Watercolor and Ink Poppies

With the Superbloom in full force at the moment what could be more appropriate than a page of poppies?

This quick video will give you plenty of ideas for your own poppy fiesta! Any paints are suitable for this style of painting.


Here are the materials I used for this little page of poppies.

The paper you work on is not critical, as we aren’t putting in layers of wash or asking a great deal of our paper’s surface. However be aware that smoother paper will be easier to get a clean line on, so if that is your priority you might use hot pressed paper. On the other hand, if the watercolor part is the major interest, you might prefer cold pressed paper. In this case I would select one of the cold pressed papers with less pronounced texture and absorbancy, avoiding Arches and using for example Fabriano Artistico, Hahnemuhle Bamboo or Canson XL multimedia paper.

I suggest a Tombow Fudenosuke brush pen for the line work, as this will give you variable line thickness and fine detailing possibilities if you want them!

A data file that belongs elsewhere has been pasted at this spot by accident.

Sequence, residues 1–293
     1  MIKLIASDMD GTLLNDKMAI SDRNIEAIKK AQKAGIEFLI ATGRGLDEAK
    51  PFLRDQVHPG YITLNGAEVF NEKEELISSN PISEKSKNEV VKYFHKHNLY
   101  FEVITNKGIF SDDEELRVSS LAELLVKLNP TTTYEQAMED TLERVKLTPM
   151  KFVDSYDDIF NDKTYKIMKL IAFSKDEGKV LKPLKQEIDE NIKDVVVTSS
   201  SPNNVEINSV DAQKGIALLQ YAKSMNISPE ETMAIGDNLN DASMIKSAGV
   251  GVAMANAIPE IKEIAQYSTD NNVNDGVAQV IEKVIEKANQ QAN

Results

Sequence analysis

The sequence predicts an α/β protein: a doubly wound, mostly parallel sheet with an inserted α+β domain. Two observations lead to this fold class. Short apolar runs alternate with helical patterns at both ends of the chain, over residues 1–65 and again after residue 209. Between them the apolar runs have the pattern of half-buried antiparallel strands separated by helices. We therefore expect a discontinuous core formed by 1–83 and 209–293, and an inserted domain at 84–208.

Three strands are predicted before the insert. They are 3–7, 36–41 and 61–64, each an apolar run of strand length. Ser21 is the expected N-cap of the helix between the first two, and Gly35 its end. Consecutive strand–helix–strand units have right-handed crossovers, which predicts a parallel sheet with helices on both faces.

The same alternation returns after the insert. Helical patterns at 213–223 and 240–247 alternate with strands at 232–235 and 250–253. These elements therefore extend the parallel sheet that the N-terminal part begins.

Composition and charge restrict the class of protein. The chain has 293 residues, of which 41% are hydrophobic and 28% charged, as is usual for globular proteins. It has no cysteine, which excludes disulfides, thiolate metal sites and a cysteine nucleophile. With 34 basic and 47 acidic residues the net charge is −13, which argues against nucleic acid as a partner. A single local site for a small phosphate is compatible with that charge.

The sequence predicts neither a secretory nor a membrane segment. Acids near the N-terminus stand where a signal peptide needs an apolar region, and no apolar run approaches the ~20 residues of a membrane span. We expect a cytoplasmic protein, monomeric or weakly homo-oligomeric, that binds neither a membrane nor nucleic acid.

In this set you get 48 colors and large pans which are ideal for every kind of painting style.

A full range of reds, yellows and blues is complemented by stunning violets, a strong orange and a good range of realistic greens.

A selection of metallic colors are included, as are black and white.

You won’t regret investing in this set of paints. I genuinely believe they are the most liberating purchase I’ve ever made in the world of art!


For the price, these brushes by Princeton are a good introduction to more serious painting.

With a generous water-holding capacity and a nice point, this brush is ideal for medium to small sized works.

You will be able to achieve both fine lines and broad strokes for flowers and leaves, and for outdoor sketching this brush is an ideal mid-sized tool which will meet all your needs.


Intended for calligraphy this brush is also an expressive artist’s best friend.

With the brush pen you can achieve varying thicknesses of line, different levels of dark and a sensitive rendition of your subject.

Idéal for penwork on watercolor but also good for general sketching, this pen won’t disappoint.

You can watch the video of this painting here, and there are lots of other poppy tutorials, plus some free sketches if you want to work from a sketch, available here.


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